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This course provides an overview of modeling, animating, and rendering 3D graphics in the open-source software Blender 2.6. Beginning with a tour of the Blender interface, author George Maestri shows how to create and edit basic objects, work with modifiers and subdivision surfaces, and apply materials and textures. The course also demonstrates lighting 3D scenes, setting up and using cameras, animating objects, and assembling basic character rigs.
At this point, we should have our character basically unwrapped, but we don't have our flat pieces fitted to our image, and that's what we are going to do in this lesson: we're going to fine-tune the mapping. So I'm going to go ahead and start by selecting each individual island. So I am going to make sure I'm in Island Select mode here and just right-click on the island that's his arm and hit S to scale. And I just want to scale that down enough so that I can hit G for grab and position it over a part of the mesh that's all purple, so somewhere like right around there.
And I can do the same for this other one: right-click on it, hit S for scale, G for grab, and I might have to scale this down little bit more. And as I move it, you can see how it actually affects what's going on in this viewport here. So I am going to hit G for grab to move this and again, I may have to scale this down just a little bit more. So now I've got that off to the side, so now my arms are purple. And I also want to take the back of the character and again keep him purple. So again, I want to scale that down just a little bit.
And what I am trying to do is just make sure that this is not over any of this white area. And what's really cool is I can actually overlap, so I can actually use the purple in the map for both the arms and the back of the character. Now, most of our fine-tuning is going to be with the front of the character, which is this little island here. So I am going to go ahead and move that roughly into place. And notice how this black spot is going to be the mouth. We have the mouth as right here.
So I wan to make sure that I position that fairly centered, and then scale it up so that I've got it about the right scale. And again, just move that down, just somewhere around there. And again, you can see on this character how that mesh is applied. In fact, I want to make sure I turn off X-ray here so you can see that a little bit better. Now, probably the most important part is this area around the mouth.
You could see how this black part of the mouth is spilling out onto the sides of his lips. So let's go ahead and start there and affect that. So, I am just going to zoom in and again, the navigation in this window is the same as navigations in many of the 3D windows. So I am going to go ahead and select all of these faces. I am going to go down here, select in the Face mode, and just Shift+Right-click each one of these faces. I can hit B to box select as well.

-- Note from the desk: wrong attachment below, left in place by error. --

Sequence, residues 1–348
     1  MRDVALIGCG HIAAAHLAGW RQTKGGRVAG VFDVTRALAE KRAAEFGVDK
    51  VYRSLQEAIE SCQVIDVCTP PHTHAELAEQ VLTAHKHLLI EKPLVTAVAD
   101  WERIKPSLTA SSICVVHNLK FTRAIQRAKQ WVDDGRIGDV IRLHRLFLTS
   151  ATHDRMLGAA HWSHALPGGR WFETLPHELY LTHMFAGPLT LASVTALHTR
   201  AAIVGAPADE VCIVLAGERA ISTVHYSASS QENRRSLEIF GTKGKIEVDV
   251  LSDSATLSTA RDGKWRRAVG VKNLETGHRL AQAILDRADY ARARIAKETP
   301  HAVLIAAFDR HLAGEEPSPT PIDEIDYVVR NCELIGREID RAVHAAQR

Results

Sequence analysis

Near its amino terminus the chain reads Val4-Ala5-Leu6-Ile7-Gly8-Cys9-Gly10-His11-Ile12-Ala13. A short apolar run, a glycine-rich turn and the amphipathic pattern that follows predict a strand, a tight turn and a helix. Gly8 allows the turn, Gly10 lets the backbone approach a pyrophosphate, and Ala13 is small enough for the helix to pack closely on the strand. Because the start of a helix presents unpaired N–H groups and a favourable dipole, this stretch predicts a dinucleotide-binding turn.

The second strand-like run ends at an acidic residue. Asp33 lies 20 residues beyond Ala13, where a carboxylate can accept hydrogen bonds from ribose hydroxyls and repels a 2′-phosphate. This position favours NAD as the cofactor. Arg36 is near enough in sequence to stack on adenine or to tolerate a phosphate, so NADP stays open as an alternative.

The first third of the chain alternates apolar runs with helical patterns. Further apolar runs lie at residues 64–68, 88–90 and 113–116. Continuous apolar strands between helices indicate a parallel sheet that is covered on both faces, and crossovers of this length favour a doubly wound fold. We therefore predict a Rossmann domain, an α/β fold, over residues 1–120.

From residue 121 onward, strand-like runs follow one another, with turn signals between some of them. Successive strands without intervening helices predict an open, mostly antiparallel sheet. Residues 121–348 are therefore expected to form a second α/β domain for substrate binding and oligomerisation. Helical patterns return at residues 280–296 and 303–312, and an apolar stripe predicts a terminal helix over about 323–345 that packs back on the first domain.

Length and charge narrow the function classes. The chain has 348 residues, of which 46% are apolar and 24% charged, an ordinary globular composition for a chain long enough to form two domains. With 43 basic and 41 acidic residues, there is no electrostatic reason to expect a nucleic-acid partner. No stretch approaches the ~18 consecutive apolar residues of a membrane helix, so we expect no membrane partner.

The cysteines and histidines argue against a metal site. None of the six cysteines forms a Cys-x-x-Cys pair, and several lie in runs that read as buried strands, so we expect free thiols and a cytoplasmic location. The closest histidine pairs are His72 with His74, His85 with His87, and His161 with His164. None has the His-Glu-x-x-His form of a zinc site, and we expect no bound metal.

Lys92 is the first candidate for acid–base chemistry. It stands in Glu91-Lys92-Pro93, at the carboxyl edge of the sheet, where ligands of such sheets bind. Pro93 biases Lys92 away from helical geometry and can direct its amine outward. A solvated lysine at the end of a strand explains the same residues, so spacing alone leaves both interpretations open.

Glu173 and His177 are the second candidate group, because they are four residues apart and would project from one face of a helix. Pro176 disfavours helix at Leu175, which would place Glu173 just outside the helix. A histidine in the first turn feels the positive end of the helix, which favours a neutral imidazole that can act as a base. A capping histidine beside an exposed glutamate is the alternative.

So I want to make sure I select these, and now I can continue to select with the Shift key. I am going to fine-tune these ones here. They are a little thin, so it's kind of hard to get them with Box Select. So now I've got all of those rings. I can hit G to move and so I am going to go ahead and center that, and then S to scale. So I am going to scale that up so the edges of this are beyond the darkness of that dark spot there.
And then I can scale in Y as well. So I can hit S to scale, and I can scale up and down in Y, so S and Y to scale up and down. And now I've just got to fix these corners here. So I can go into either Edge or Vertex mode--let's go into Vertex mode here--and just sort of right-click on Opposite Vertices. So I am going to right-click here and here, hit G for grab and Y to constrain it vertically, left-click to set that, and again Shift+Right-click to select these ones and again move them down.
And so what I am trying to do here is just get this outline closer to what I have on my object. So again, G Y. And again, I'm just kind of moving these into place. And now I can go into these other vertices here, get those out of the way. And now as you can see, I'm starting to get--the inside of his mouth is black and the outside is white.
And so we can also start playing with other parts of the character. So we can start fine-tuning how his white belly fits into the equation here. So I can for example, select some of these and scale them in X to bring them in, or I can select some of these and scale them out. And so you can see how if I scale them in or scale them out you can see how it affects how this positions to the character.
So we can keep going with this, but I think you get the general gist of how this works. So I am going to go ahead and stop here, and let's go back into our default layout and turn on Texturing to see what we have. Okay. So that actually does look pretty good. I am going to go into my Modifiers and turn on Subdivision Surfaces, and you could see I actually have it pretty close. We can continue to fine-tune these, but as you can see, it's a bunch of simple tools and just a lot of patience is what you need to get these UV maps aligned.
So just to go over the process, we need to, first of all, create our seams, so think of the character as a stuffed animal, or how would you create a fabric version of this object, and then create the seams for that pattern, unwrap, and then start to fine-tune the position of the character's mesh to the image map in the UV editor.
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